Dessie Dolan believes Tyrone have become too predictable and lack "natural" forwards compared to other All-Ireland contenders.
Following last year's All-Ireland final defeat to Dublin, Tyrone experimented with a more attacking approach in the league, enjoying some success, notably against Dublin in Croke Park.
However, the jolt of the defeat to Donegal in the Ulster championship forced a re-think and they reverted to type, falling back on their reliable gameplan through the qualifiers.
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While this has enabled Tyrone to navigate the choppy waters of the back door and the Super 8s, Dolan believes it doesn't allow their forwards to flourish in the biggest games.
"They are unbelievably predictable in the way they play," Dolan said on the RTÉ GAA podcast.
"They've tried to be expansive and it hasn't worked. It failed miserably. And Mickey Harte was probably under pressure to do it from the players. He reverted to type with Colm Cavanagh dropping back as sweeper.
"Teams have copped onto it a certain amount. Cork were very good at exposing them and only for them two quick goals after half-time, Tyrone could have been in bother.
"They were so predictable. Teams are more patient. They obviously say 'Colm Cavanagh is in there, we'll have to keep it away from him'.
"What you do is you work at angles. Dublin have been doing it for years. They've beaten the sweeper system and teams around the country have beaten it with their patience and build-up play. Not kicking it down on top of the sweeper, working it up the wings and running at angles."
According to Dolan, the problems go deeper as he doesn't believe that Tyrone are armed the same firepower in attack that they boasted back in the glory days of the noughties.
"When they were winning the All-Irelands, they had Peter Canavan, Stephen O'Neill, Eoin Mulligan, Sean Cavanagh. brilliant attacking footballers, very natural players.
"I feel the Tyrone forwards are a little manufactured. They're strong, they're physical, they like getting the ball in long. Cathal McShane is an excellent footballer but he's not the most naturally gifted forward that you've ever seen.
"Mattie (Donnelly) is a very strong guy but I don't think he's a natural corner forward. Richie Donnelly is similar. I do like Conor McAliskey, I think he can offer something. Darren McCurry can kick a point.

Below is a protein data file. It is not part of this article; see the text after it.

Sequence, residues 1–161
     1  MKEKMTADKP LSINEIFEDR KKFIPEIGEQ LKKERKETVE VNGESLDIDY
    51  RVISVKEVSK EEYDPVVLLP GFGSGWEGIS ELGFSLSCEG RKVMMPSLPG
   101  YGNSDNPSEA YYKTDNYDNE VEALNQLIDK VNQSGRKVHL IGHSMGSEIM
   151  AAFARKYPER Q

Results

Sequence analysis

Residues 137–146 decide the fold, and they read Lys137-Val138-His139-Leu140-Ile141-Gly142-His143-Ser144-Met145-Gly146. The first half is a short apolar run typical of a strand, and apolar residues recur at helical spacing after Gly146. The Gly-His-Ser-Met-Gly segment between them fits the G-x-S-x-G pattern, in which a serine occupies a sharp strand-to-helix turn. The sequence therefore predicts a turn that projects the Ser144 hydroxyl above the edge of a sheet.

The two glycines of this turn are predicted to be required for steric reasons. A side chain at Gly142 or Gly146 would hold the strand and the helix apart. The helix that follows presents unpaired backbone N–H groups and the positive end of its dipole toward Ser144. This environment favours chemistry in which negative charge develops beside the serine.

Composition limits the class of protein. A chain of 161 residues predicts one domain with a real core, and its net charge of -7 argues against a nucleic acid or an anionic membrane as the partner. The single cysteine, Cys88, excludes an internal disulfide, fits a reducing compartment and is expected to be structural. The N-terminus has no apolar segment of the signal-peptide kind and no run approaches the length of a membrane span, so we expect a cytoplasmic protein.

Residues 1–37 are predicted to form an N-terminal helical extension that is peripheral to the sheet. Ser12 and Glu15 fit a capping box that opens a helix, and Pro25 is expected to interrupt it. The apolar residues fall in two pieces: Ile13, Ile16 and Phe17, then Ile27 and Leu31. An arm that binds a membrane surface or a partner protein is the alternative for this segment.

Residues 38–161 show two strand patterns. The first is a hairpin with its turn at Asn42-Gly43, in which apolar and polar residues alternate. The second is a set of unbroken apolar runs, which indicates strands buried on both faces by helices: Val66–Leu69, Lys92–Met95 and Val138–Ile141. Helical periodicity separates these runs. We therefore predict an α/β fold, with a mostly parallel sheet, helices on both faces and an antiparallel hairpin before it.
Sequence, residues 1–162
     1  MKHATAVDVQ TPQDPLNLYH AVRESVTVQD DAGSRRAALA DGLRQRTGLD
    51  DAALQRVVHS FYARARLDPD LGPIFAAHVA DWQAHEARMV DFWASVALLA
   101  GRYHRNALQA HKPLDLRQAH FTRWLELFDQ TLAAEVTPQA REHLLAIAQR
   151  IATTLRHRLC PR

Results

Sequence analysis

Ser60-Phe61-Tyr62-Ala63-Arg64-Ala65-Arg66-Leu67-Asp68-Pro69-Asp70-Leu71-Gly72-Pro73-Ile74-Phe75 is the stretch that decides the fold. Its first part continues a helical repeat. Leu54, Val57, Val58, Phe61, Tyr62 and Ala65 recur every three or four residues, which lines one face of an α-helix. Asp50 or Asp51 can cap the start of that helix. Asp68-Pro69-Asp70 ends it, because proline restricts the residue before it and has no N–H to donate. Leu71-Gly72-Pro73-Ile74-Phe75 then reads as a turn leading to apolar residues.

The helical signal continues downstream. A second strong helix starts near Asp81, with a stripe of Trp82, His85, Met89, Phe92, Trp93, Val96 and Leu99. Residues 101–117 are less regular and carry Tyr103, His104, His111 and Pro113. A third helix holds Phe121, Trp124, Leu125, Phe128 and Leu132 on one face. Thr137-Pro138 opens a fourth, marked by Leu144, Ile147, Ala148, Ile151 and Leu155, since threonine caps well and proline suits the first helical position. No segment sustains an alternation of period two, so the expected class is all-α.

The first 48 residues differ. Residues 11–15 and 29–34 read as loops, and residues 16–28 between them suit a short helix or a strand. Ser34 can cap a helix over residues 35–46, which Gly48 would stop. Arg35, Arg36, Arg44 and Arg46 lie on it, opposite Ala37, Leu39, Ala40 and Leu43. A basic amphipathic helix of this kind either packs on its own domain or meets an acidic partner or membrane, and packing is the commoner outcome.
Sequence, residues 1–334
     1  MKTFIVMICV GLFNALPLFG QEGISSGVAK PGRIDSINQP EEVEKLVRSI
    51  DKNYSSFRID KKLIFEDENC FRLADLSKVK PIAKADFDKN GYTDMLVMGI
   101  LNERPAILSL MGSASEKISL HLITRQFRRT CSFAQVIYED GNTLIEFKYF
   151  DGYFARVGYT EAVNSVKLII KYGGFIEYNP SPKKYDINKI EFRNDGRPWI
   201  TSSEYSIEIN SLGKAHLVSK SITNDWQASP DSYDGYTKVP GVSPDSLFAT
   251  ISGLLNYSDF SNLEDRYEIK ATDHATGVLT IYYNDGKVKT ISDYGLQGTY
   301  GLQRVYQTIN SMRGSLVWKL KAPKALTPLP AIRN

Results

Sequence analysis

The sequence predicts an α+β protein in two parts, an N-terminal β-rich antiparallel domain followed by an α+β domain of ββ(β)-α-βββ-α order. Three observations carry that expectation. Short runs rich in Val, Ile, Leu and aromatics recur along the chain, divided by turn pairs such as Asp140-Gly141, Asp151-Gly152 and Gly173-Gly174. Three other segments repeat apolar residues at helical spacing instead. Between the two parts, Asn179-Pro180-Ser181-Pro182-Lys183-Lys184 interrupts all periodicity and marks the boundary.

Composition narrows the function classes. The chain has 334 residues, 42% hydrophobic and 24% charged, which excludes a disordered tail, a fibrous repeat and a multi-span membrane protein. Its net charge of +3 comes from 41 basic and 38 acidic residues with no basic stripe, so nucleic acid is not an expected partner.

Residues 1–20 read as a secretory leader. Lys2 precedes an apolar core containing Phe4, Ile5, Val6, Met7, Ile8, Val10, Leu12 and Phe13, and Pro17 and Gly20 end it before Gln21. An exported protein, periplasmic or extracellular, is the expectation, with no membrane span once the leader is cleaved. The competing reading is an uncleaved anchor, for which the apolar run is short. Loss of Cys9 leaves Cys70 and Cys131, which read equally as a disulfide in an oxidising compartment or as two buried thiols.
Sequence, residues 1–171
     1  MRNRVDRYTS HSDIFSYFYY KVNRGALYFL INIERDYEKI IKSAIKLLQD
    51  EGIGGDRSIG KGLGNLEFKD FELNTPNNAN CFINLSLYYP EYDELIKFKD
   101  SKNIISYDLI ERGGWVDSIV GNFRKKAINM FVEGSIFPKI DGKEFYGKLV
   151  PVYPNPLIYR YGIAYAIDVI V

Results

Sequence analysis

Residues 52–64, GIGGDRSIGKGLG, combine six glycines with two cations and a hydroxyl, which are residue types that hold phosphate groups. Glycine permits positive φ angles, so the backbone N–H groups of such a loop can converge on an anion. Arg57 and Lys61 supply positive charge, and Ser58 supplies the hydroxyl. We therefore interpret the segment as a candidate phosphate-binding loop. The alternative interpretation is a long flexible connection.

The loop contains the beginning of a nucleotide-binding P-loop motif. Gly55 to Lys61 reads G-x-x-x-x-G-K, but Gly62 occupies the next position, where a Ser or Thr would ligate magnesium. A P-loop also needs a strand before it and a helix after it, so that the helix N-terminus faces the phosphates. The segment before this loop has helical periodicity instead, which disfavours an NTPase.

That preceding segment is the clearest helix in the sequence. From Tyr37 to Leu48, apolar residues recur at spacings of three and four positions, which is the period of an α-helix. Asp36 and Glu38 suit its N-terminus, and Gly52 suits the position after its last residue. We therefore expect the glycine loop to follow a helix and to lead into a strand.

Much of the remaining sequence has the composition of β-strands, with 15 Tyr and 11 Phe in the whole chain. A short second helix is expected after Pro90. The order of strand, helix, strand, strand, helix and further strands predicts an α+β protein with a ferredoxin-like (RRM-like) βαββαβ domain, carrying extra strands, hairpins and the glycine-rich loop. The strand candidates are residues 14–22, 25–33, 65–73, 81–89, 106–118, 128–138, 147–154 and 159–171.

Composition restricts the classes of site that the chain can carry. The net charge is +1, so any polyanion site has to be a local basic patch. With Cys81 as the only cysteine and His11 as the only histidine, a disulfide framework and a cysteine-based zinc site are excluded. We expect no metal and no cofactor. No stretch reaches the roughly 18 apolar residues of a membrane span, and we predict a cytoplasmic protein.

"But when Tyrone were at their best, they had real natural forwards and I think the system they play doesn't allow the corner forwards to get the ball they need to do damage."
As for their opponents on Sunday, Kerry are back in their natural habitat of the All-Ireland semi-final after last year's wobble in the Super 8s.
Under former minor manager Peter Keane, the team is now heavily stacked with personnel from that unprecedented run of underage success since 2014.
While their attack, including star graduates David Clifford and Sean O'Shea, is lauded, their occasionally porous defence (exposed at times by Cork) remains a source of concern.
However, also speaking on the podcast, four-time All-Ireland winner Cooper says he doesn't expect to deviate from their traditional approach.
"I don't think Kerry have three or four ways to play, they are pretty traditional, I think. They will play with Séanie O’Shea, Stephen O’Brien, Paul Geaney and David Clifford up high and they might pull out two other guys to share the workload out around the middle of the field, but I don’t see them changing dramatically.
"The concern I would have for Kerry after being in Navan last Saturday night is how exposed their full-back line was. I looked three or four times in each half and there was 100 yards of space between Jason Foley, Tadhg Morely and the rest of their defensive unit and that was very worrying from my point of view.
"If you give Cathal McShane, Mattie Donnelly, Peter Harte that kind of space they will punish you. If Kerry are looking at their defensive unit, I would expect them to sit in a little more than they have, but I don't expect to see them changing massively from the traditional system.
"It'll be a clash of styles, certainly. Tyrone have reverted to what they know best. Has their game evolved?
"McShane on the top of the square has given them a new dimension and if Tyrone put Mattie Donnelly in there, pounding ball in on top of them, will Kerry be able cope with it? That’s a big question mark. On the other side, if Clifford, Geaney and Stephen O’Brien can hit form, they’ll pose major difficulty for Tyrone."
Follow Kerry v Tyrone (Sunday, 3.30pm) via our live blogs on RTÉ.ie and the News Now app, watch live on RTÉ2 or listen to radio commentary on RTÉ Radio 1 and RTÉ Raidió na Gaeltachta.